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General Desktop Support question - Which user to attend to first?

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General Desktop Support question - Which user to attend to first?

Wagggy
This is probably an easy one but I got caught out by a question in an interview a few months back, for an IT helpdesk/desktop support role.

They asked: When several calls/jobs are logged, which should you attend to first?

I was torn between which ever technical problem I believed had the most negative effect to the operation of the business, and those jobs that had been logged first.

I chose the former, though im still not sure what the correct answer should have been - In my current position I just attend to jobs as they are handed to me by the help desk staff.
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    OldER Mycroft

    If you don't adhere to the 'First Come, First Served' rule - you could end up with a trivial problem being constantly put back to the end of the line by other, more business-detrimental, problems.

    Some users would be very happy and some extremely p1ssed off.

    In the actual event it would have to be a meld of the two regimes. There is no definitive answer but also no correct answer. I'd have thrown the question back to the interviewer after a non-determinate answer, when they mimicked your answer you'd know you were in the clear.

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    elmagoal

    There is no correct answer.
    But, the question is designed to figure out the way you think and whether or not you are a bronw noser or not.
    In the real world, mission critical issues always go before other issues. Issues that affect multiple users go before single user issues. The key is to let the single user know that he is next in your list due to a big issue and to make sure you get to his issue before something else melts.

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    Mehul Bhai

    Again Zombie Alert!!!

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    h.sherzad

    Well in well formed organizations these things are usually cleared out by job descriptions.
    but again if you have a system thats critical at time then it should have priority, like in a server vs. a malfunctioning printer (DUH!):D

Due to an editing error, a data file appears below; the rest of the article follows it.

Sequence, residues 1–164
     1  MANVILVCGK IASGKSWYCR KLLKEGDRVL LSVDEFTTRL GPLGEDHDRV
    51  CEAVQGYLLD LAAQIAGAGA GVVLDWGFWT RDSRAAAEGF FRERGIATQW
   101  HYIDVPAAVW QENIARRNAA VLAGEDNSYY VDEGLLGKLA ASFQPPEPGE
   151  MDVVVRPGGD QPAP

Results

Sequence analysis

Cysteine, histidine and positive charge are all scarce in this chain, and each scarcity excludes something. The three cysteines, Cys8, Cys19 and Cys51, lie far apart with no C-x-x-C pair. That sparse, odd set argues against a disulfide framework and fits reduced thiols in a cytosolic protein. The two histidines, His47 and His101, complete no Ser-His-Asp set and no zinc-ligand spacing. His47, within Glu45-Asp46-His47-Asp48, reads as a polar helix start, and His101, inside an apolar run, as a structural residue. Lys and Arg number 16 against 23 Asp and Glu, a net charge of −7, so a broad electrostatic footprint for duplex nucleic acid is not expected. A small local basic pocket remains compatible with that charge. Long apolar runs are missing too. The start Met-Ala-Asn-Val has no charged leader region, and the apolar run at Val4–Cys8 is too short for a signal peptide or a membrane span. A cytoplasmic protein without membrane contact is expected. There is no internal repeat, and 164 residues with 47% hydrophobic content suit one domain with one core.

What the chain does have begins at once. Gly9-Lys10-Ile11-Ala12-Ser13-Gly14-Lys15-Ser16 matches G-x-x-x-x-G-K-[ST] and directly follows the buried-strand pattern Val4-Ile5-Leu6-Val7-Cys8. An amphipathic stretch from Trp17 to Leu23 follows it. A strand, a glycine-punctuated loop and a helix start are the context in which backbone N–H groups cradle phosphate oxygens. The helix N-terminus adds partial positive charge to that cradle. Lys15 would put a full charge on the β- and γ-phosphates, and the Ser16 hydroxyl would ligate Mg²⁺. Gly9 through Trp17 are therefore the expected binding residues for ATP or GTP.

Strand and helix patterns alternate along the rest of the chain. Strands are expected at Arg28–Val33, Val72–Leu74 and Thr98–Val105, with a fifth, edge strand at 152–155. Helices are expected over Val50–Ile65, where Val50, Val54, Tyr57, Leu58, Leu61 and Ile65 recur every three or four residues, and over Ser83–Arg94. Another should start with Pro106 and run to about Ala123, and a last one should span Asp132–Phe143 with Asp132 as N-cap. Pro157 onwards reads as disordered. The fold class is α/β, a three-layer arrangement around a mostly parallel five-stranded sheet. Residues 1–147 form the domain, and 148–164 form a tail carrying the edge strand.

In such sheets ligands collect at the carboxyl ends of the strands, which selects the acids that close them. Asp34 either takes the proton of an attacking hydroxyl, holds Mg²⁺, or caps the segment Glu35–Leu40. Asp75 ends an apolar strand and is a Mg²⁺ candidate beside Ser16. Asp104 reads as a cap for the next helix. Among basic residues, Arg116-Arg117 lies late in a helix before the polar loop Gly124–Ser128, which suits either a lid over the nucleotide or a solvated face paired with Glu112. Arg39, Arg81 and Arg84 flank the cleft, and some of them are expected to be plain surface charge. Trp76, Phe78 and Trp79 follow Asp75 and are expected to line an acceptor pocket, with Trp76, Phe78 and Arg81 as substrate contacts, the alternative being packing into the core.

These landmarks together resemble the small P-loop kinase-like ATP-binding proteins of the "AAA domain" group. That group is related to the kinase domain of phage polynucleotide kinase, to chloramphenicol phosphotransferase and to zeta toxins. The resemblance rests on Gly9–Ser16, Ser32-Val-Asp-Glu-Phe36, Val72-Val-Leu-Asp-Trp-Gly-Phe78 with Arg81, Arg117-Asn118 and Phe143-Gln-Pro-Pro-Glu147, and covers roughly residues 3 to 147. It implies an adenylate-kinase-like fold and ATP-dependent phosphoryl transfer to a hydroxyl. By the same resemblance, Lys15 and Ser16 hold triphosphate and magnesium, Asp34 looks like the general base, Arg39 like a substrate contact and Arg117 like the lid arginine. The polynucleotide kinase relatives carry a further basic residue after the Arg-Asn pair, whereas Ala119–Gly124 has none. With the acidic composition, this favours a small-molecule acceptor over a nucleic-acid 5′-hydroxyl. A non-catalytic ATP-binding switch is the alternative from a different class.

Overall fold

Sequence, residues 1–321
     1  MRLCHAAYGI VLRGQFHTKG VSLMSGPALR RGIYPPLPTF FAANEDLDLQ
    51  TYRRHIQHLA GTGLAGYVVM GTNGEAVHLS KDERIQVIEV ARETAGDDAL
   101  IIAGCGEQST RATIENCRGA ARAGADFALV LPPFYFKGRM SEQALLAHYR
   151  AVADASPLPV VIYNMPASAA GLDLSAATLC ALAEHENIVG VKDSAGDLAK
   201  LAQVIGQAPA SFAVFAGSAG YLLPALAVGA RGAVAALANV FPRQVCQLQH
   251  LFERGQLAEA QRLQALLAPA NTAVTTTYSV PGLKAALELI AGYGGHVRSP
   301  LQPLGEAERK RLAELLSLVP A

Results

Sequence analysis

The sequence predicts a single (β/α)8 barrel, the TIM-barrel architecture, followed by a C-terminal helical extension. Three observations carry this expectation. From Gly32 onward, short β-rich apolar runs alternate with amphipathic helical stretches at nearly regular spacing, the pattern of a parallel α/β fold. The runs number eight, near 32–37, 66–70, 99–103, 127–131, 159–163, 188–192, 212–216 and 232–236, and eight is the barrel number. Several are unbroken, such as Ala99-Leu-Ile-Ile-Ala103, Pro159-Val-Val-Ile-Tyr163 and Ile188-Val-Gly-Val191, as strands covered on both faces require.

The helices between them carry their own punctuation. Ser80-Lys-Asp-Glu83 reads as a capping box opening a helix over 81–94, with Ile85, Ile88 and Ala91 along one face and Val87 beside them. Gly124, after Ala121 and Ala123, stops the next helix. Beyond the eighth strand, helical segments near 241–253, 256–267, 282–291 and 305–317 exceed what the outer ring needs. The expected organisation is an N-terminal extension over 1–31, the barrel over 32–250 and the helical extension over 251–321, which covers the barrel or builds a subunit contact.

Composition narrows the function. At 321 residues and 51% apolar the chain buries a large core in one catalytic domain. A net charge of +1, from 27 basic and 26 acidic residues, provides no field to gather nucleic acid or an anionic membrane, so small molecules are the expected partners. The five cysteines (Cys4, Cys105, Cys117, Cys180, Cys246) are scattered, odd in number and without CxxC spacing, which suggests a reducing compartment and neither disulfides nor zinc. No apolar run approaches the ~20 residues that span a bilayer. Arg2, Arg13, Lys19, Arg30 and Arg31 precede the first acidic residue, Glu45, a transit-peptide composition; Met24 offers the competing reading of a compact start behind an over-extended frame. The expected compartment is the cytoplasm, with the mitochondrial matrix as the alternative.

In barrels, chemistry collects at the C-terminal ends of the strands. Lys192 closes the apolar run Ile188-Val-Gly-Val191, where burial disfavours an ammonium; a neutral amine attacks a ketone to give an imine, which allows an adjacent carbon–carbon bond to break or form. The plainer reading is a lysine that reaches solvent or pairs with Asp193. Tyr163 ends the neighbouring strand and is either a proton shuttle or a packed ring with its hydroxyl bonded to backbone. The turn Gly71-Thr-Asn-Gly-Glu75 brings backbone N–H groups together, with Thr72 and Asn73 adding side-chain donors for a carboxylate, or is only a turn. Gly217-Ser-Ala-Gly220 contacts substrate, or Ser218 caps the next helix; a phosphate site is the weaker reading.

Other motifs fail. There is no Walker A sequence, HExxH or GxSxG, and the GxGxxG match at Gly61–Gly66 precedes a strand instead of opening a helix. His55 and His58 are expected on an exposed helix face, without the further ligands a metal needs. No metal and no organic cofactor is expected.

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    JamesRL

    Priority A) major disruption to the business, key processes affected, large number of users affected

    Priority B) Major disruption to a department or individual, smaller number of individuals affected, moderate impact to the business

    Priority c) Individual issue, disruption, no workarounds

    Priority d) individual issue, workaround available

    Thats the way I used to work, the priority was set by the help desk, and we would feed abck to them if they set it wrong.

    As for first come first served, generally the first A comes first etc.

    Because this isn't as simple as first come first served you have to become a bit of a diplomat. And you also have to be proactive about communications. You will find people are much more patient if you call them first and reset the expectation.

    James

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    szlzezezpzzz

    This is a time management question! Time is money and a companies first goal is money. I would have answered this question by analyzing each type of problem and working out a way to neatly piece them together in a way that makes logical sense. desktop support is also strictly a customer service position...all of IT is actually. EVERY customer is important. they all do certain jobs that help the company, so singling certain people out is not the way to go though some are more important to fix than others. but that is definitely a time management question.

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    Mehul Bhai

    The original post is more than 2 years old.

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    unhappyuser

    I use the Emergency Room triage method most of the time. The guy with the heart attack gets precedence over the broken leg or the person with the flu.

    If none of them are labeled "serious" I work on those that will take the least amount of time. I see solving several issues in the same amount of time as compared to one, much more productive.